Tell Us Your Story — U of T Student Parents Project

The Interviews

Interview #1

This 26 years old, 5th year undergraduate student and single mother of a preschooler shares her perspective on how to juggle these two roles by offering advice on how to choose courses and talk to professors, the importance of making her story heard at her registrar's office, and how to successfully access various resources and supports at the University.

Interview #2

Teresa is a single mother who has been at UofT since 2000. During this time she completed her undergraduate studies and is now doing her Masters in European Studies. She talks about the university resources that help her balance her life at U of T, including financial resources such as the work-study program, and about eventually becoming a UofT employee, as well as being a don at her residence. She also speaks about attitudes towards pregnancy and single parenthood, and about childcare arrangements.

Interview #3

This 33 year-old Doctoral candidate started his Master's program at U of T in 2006 when his wife was a stay-home mother caring for their first child. Now, he is also currently a full-time student and they have since had their second child. He talks about the two different situations his family has faced in the course of his program at U of T and shares his perspective on many aspects of the student parent life. He also offers tips and advice on time management.


Interview #4

This undergraduate, single parent and mature student who decided to attend university after her third child was only six months old, gives a number of simple but great tips on managing finances and also on juggling children and her studies. She shares her insights on the importance of taking the time to build your support network and to ask for help when you need to do so.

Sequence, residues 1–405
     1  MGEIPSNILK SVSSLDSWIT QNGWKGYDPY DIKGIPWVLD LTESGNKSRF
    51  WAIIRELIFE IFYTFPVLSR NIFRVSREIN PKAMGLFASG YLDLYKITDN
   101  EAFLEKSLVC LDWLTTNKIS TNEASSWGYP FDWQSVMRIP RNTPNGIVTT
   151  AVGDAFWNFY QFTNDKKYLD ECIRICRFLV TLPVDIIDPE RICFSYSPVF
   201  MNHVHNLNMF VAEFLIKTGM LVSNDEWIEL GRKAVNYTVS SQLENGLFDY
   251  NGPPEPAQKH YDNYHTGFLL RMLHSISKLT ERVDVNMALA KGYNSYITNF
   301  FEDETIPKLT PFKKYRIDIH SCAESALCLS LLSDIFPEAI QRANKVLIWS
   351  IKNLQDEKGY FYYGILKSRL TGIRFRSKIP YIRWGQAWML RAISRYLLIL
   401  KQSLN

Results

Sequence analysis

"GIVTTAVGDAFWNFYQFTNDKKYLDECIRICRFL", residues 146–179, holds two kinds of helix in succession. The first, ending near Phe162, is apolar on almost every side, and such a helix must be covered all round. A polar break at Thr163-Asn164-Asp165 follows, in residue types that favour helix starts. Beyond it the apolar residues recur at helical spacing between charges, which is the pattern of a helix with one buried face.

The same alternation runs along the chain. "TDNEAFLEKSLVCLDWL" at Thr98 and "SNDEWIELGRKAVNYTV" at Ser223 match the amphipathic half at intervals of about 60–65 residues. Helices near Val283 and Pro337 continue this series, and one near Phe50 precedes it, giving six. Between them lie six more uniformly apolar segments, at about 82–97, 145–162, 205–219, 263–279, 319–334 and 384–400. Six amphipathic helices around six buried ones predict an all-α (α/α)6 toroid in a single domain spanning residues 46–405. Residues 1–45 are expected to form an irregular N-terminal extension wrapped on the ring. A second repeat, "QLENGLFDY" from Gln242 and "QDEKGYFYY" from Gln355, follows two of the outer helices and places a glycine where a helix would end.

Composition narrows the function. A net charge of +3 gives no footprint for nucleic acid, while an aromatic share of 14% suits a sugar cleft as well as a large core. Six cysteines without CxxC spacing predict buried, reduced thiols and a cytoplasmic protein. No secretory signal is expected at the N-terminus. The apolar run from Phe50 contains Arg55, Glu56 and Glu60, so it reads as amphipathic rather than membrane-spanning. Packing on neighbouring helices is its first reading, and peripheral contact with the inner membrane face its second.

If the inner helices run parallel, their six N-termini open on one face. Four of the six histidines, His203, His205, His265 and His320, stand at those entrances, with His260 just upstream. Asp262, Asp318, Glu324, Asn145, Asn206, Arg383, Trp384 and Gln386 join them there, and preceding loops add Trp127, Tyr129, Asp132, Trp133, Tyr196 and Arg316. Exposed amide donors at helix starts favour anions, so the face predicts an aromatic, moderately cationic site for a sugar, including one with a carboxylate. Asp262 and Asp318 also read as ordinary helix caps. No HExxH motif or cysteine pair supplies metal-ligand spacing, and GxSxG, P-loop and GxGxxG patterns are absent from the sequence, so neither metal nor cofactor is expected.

Interview #5

This 3rd year PhD candidate is in a two-parent relationship and is the mother of a 3½ year old son. She accessed the services at the Family Care Office even before starting her program, and has been balancing mothering and academic life - an enjoyable, rewarding, and often challenging juggling act. She encourages others to take on the challenge, and suggests always to remember that family life comes first - academic deadlines and opportunities come and go, but childhood and early parenthood are fleeting.

Interview #6

This undergraduate student describes herself as not being the typical undergraduate student or the typical university student. A single parent of a three-year-old, she shares her experience of working to support her small family and to pay for her studies at U of T as she isn't eligible to receive OSAP funding. This interview debunks the myth that students who cannot afford university can always pay for it with OSAP, and describes what are the options if you are in a similar situation.

Interview #7

This 2nd year undergraduate student and single parent has to also care for her ill mother; she is an OSAP recipient and identifies herself as a lesbian. She comes from an underprivileged background and one that usually doesn't make it to university. She talks about the struggles and the rewards of being in her situation, and offers encouragement to other parents who might think university is not for them, or who have other types of family responsibilities.

Interview #8

This very accomplished undergraduate student immigrated to Canada as a child, came to university as a single undergraduate student, and got married and pregnant before her second year. She continued in school receiving awards from the Faculty of Arts and Science, working in work-study positions and also having a second baby. She offers a glimpse of how she has accomplished all that she has. She discusses navigating the system, alternating between being a part-time and full-time student, learning how to apply for loans and bursaries, and at the same time not losing sight of the fact that motherhood is the most important job she holds.

Interview #9

This international PhD student is in a two-parent relationship and is the mother of a 7 year old daughter who was born soon after the student arrived in Canada to start her PhD program. She accessed U of T services when still in her home country and when she and her partner arrived, they had already arranged for an apartment at U of T Student Family Housing. She talks about time management, being far away from her family, about a difficult experience with her supervisor, and how it was resolved.